The mechanism of silver nanoparticle toxicity is dependent on size and surface coating in Caenorhabditis elegans
Monday, December 13, 2010
Xinyu Yang is a Ph.D. student in the Nicholas School of the Environment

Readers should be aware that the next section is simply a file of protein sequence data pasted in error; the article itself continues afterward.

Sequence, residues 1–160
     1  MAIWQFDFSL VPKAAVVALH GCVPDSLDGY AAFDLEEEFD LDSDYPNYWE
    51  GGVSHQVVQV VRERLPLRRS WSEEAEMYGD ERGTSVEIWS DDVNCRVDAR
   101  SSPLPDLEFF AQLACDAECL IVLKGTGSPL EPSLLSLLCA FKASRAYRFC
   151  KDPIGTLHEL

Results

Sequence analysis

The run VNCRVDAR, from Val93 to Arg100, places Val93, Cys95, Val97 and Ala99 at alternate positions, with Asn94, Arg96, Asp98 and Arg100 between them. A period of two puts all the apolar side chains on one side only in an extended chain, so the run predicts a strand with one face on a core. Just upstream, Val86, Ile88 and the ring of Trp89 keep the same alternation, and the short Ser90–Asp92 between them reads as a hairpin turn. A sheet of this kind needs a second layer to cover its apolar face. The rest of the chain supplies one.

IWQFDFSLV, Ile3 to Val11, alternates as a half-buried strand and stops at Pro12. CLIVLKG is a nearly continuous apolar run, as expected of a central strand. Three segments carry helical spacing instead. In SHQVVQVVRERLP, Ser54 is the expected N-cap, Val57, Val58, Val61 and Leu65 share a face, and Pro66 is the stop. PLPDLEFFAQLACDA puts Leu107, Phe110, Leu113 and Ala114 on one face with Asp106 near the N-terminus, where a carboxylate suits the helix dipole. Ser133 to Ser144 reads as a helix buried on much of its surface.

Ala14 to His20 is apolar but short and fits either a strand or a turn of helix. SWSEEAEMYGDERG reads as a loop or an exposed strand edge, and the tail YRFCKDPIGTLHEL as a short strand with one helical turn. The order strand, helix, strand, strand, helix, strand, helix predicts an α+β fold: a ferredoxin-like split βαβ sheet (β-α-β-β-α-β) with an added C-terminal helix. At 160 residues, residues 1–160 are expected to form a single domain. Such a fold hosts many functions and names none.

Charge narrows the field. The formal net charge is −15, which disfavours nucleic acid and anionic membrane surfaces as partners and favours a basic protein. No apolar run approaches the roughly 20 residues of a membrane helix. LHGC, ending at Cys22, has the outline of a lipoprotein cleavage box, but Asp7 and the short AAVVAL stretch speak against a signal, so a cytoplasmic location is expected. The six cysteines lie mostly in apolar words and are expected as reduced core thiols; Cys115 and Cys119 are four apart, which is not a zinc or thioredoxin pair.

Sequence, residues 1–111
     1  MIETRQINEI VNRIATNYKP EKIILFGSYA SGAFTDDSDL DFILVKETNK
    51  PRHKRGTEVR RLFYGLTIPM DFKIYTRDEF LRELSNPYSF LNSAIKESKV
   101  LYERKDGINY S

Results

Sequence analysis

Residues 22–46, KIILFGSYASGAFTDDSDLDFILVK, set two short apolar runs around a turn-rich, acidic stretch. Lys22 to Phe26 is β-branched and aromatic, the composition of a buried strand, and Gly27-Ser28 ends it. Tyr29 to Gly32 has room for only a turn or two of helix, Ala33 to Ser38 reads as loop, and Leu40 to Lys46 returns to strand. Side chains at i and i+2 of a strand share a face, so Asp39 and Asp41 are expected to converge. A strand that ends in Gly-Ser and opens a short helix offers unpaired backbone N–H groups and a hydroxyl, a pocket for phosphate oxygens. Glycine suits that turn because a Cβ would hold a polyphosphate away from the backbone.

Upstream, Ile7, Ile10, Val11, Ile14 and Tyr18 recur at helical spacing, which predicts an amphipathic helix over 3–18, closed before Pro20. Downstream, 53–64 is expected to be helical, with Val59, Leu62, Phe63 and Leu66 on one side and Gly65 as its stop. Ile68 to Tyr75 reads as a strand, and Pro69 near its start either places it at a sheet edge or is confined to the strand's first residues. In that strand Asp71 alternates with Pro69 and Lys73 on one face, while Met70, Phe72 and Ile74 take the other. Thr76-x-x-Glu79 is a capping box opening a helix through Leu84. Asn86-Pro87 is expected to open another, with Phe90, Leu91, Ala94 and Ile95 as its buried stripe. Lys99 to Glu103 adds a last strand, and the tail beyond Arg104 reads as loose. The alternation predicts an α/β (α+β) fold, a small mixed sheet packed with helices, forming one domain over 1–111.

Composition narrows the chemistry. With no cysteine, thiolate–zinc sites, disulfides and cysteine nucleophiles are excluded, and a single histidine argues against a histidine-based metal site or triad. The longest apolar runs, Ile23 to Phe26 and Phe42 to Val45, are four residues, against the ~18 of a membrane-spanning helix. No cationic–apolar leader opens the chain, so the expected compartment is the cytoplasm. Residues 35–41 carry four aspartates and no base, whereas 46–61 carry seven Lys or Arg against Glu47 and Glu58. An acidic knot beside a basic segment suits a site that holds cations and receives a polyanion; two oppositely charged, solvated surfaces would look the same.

Abstract: The rapidly increased application of silver nanoparticles (AgNPs) in consumer products and medical industry has raised concerns for both ecological and human health. A key question is whether AgNP toxicity is specific to nanoparticulate silver, or results from dissolution of silver ions. Furthermore, since AgNPs are produced in many sizes and with many coatings, and since their behavior changes in different media, it is important to understand how these variables modulate toxicity. We found that a lower ionic strength medium resulted in greater toxicity (measured as growth inhibition) to Caenorhabditis elegans, and that both particle size and coating influence AgNP toxicity. The size-toxicity relationship is not linear, although there was a strong general trend towards increased toxicity at smaller sizes. We then used biomarkers (indicators of oxidative stress), pharmacological rescue (trolox and N-acetylcysteine), genetic approaches (analysis of metal-sensitive and oxidative stress-sensitive mutants), and physicochemical characterization (analysis of uptakes and dissolution of AgNPs) to investigate the mechanism of toxicity of differentially coated and sized AgNPs. All of these approaches indicated that the more toxic AgNPs acted largely via release of silver ion, while the less toxic (typically larger and/or more likely to aggregate) AgNPs acted both via ion release and via a non-ionic effect, likely generation of reactive oxygen species.